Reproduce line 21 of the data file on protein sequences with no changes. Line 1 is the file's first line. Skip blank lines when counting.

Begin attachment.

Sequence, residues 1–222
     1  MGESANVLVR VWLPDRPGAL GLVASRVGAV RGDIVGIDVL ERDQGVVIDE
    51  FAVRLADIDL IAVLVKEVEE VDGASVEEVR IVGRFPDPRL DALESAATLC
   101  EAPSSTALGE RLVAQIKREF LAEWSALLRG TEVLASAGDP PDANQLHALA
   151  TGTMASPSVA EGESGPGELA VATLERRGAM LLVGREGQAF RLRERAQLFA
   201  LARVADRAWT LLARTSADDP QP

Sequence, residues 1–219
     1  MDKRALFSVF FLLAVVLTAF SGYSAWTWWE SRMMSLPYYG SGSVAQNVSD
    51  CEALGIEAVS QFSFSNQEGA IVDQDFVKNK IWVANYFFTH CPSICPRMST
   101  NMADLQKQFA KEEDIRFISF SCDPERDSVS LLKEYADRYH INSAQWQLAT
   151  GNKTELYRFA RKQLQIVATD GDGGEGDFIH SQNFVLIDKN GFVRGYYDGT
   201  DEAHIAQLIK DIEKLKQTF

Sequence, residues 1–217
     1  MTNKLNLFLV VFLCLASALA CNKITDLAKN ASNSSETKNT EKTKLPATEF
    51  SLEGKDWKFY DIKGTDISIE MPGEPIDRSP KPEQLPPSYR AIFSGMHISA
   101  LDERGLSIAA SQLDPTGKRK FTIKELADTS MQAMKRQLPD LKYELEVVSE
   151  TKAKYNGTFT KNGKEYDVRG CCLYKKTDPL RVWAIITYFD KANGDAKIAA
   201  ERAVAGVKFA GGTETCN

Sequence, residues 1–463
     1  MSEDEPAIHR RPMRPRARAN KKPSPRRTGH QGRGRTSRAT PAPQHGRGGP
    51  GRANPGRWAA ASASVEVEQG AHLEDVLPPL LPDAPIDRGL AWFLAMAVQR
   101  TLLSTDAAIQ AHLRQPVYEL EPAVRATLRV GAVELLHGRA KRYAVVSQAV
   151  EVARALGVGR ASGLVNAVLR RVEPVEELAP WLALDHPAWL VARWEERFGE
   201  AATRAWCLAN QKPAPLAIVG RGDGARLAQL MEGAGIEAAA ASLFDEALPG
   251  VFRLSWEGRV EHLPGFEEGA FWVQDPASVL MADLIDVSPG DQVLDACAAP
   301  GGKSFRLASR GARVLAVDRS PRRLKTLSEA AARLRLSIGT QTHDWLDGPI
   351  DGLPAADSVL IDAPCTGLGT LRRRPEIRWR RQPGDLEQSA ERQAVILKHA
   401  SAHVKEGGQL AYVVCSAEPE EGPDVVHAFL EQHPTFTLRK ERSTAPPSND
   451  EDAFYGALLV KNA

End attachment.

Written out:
    51  GRANPGRWAA ASASVEVEQG AHLEDVLPPL LPDAPIDRGL AWFLAMAVQR